Josh Kruger, a Philadelphia-based journalist, was shot seven times in the chest and abdomen in his apartment on Monday evening.
Neighbors reported hearing gunshots at about 1:30 a.m. and alerted police. Authorities arrived quickly to Kruger’s home in the Point Breeze neighborhood of Philadelphia.
Kruger, 39, was rushed to Presbyterian Medical Center but pronounced dead at approximately 2:15 a.m.
Police report there were no signs of forced entry. Fox News reported that “Kruger had previously mentioned being threatened inside his home.”
Approximately two weeks ago, Kruger noted on Facebook that someone “entered his house searching for their boyfriend — a man I’ve never met once in my entire life.”
Kruger added in his post, “The person called themselves ‘Lady Diabla, the She-Devil of the Streets’ and threatened him.”
Deputy Philadelphia Police Commissioner Frank Vanore spoke briefly with the Philadelphia Inquirer: “Either the door was open, or the offender knew how to get the door open,” he said.
The Philadelphia Inquirer reported that “detectives believe Kruger’s death may have been the result of a domestic dispute.” Citing three law enforcement sources, who wished to remain anonymous, the Inquirer reported officers “recovered troubling text messages between Kruger and a former partner.”
The Inquirer also reported that investigators recovered methamphetamine inside Kruger’s bedroom.
Journalist and author Andy Ngô noted on X that Kruger had a history of downplaying gun violence in the city.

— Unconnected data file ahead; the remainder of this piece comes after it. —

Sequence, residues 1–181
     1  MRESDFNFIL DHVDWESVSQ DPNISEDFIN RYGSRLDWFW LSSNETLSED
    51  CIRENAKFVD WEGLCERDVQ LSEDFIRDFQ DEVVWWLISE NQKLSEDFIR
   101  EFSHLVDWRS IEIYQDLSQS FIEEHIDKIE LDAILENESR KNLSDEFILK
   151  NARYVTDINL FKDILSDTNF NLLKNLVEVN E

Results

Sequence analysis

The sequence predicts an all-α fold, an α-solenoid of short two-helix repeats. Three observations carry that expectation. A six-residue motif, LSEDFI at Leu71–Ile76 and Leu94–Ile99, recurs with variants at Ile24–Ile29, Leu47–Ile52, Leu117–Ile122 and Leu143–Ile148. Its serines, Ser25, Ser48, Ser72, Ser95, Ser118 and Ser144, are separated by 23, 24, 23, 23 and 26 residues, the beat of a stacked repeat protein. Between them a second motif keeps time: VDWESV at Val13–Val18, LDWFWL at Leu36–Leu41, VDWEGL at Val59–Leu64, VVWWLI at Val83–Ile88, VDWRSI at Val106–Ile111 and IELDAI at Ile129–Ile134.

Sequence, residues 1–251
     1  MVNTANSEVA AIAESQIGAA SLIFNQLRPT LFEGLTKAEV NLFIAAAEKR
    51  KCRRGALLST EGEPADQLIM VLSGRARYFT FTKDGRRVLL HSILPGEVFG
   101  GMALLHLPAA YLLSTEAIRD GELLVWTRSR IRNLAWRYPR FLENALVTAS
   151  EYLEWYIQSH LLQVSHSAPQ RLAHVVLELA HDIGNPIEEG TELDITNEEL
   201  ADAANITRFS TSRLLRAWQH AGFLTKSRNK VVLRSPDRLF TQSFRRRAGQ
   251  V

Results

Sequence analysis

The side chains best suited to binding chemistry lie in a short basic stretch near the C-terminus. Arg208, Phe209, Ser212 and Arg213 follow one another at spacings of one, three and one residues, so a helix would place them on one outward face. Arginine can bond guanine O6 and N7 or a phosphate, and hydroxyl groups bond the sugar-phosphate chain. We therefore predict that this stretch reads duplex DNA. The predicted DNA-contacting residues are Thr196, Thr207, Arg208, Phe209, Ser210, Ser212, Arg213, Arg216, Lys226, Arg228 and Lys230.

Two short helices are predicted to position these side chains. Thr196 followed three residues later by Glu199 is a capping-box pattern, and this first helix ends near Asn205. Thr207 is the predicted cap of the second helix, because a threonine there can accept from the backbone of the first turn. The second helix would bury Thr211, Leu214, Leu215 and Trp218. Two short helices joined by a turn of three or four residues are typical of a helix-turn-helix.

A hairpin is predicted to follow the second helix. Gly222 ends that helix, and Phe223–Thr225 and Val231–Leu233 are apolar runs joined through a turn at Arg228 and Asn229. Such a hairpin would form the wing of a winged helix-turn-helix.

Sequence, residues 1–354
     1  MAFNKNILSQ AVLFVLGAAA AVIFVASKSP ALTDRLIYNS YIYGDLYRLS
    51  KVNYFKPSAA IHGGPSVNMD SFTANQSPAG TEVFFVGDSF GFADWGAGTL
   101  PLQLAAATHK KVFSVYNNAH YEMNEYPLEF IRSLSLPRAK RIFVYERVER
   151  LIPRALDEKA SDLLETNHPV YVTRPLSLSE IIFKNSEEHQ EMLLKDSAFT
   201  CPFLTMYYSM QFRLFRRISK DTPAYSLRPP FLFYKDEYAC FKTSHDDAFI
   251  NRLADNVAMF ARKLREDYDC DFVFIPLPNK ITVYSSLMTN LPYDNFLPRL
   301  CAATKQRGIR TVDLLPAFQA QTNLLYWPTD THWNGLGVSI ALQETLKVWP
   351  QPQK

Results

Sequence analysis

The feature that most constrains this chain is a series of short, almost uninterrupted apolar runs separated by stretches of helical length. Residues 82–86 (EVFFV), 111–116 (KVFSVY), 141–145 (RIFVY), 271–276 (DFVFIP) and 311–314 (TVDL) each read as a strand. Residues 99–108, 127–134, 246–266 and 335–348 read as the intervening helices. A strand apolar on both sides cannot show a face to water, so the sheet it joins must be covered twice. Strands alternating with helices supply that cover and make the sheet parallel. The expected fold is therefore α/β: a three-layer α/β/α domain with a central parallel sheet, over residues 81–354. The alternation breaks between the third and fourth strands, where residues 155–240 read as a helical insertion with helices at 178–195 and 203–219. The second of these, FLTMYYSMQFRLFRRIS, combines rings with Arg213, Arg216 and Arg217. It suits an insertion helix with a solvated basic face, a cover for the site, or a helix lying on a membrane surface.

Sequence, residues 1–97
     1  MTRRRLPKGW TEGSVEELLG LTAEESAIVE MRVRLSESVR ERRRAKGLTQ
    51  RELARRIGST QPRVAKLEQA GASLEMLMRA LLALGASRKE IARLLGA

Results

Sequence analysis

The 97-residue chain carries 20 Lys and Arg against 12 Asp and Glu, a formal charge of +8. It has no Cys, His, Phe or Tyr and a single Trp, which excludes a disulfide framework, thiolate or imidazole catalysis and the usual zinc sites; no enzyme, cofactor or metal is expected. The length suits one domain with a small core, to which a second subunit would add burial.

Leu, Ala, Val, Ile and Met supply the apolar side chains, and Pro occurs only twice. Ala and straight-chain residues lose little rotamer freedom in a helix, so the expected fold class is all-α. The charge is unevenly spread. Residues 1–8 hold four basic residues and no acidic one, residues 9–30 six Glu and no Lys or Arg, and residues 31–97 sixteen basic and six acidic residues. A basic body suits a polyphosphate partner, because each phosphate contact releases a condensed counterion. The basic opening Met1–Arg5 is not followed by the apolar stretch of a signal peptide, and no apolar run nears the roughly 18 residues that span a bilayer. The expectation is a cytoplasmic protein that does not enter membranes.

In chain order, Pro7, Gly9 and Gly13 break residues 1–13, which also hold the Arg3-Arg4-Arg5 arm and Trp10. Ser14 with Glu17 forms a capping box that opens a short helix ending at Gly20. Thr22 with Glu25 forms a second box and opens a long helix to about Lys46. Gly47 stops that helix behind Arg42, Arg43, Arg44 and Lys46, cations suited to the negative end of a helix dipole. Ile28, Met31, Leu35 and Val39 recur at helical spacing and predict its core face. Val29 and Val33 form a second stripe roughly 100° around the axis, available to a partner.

Kruger was well-known in Philadelphia. According to his website, his reporting was compelling because he drew on “his unique combination of lived experience with homelessness, addiction, HIV, poverty, and trauma together with over a decade of professional experience in media, politics, and government for compelling storytelling and unparalleled insight into the news.”
The Philadelphia Inquirer reported that Mayor Jim Kenney commended Kruger: “Josh cared deeply about our city and its residents, which was evident both in his public service and in his writing. His intelligence, creativity, passion, and wit shone brightly in everything that he did — and his light was dimmed much too soon.”
A co-worker, Randy LoBasso, said “He knew he had a story to tell. He knew his past trauma could be used to help his audience see a situation in a way that no one else could show it to them.”
Travelers Worldwide recently rated Philadelphia one of the most dangerous cities in America.
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